Change is a 'norm' of organisational life, yet something people often struggle to manage effectively. I knew that instinctively, but when I went researching for some stats about the success – or otherwise – of change projects even I was surprised.
Here are some of the sobering stories I uncovered:
There are, naturally, a whole host of different reasons why many projects, products, mergers, start-ups, new recruits and other change initiatives fail to deliver on expectations – and there's plenty of advice in my course about how to avoid this sorry state of affairs. However, what struck me most about this list was that failure is an extremely common – in fact often the most likely – outcome, yet, as Fast Company point out it's something we usually fear, refuse to accept and avoid talking about.
Talking about failure isn't just a good antidote to the disappointment of things going wrong. It has also been shown to help organisations learn more than when their projects succeed – to the extent that, for example, airlines with more experience of failure are paradoxically those with the lowest number of accidents.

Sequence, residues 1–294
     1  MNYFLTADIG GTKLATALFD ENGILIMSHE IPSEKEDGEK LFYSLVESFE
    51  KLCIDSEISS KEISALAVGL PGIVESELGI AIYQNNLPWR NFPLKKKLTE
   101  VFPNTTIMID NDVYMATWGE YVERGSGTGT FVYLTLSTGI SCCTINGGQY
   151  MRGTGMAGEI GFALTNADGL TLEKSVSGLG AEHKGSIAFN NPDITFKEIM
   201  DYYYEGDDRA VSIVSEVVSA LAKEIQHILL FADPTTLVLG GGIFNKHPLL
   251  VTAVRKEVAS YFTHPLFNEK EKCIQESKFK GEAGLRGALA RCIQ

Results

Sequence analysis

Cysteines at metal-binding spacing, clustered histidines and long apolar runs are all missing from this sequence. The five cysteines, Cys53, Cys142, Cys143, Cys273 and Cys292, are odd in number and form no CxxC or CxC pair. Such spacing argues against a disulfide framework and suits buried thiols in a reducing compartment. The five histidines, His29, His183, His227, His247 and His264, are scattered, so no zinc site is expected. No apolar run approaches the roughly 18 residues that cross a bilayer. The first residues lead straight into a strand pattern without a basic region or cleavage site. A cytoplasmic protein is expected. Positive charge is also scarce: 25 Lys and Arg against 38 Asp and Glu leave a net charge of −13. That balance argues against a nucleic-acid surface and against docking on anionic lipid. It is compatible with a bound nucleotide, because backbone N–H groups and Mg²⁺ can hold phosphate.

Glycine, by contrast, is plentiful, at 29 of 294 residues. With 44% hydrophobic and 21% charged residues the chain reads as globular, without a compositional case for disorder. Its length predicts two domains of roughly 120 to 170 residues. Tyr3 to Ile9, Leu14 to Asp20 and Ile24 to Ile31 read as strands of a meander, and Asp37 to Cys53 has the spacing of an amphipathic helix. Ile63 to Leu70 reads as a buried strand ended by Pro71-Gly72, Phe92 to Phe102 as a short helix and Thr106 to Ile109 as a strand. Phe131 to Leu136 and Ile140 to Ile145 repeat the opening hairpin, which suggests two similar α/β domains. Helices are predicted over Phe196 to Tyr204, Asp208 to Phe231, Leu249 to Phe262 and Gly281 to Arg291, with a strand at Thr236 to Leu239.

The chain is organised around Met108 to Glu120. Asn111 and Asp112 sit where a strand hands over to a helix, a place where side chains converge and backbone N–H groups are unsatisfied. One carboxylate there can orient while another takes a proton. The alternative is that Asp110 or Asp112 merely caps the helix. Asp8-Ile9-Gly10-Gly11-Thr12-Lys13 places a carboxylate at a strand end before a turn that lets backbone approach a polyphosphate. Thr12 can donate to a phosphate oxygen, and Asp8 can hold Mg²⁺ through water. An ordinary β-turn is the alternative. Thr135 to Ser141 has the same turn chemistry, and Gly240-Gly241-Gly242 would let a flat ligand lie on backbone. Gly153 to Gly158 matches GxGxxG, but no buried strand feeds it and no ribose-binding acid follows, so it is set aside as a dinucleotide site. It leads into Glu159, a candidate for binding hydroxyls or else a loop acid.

So what steps can you take to get failure on the conversational agenda in your organisation? Here are my recommendations (inspired by business consultant and psychologist Debbie Stocker's great advice on breeding success from failure):
Your natural reaction in reading all this may well be that you'd rather you never failed in the first place. In some instances that could be bad for your career; the co-founder of holiday rental marketplace HomeAway actually seeks out employees who have a healthy familiarity with failure. So, next time you're involved in a new initiative in your organisation, be prepared for things to go wrong, keep talking and – most importantly – keep learning.
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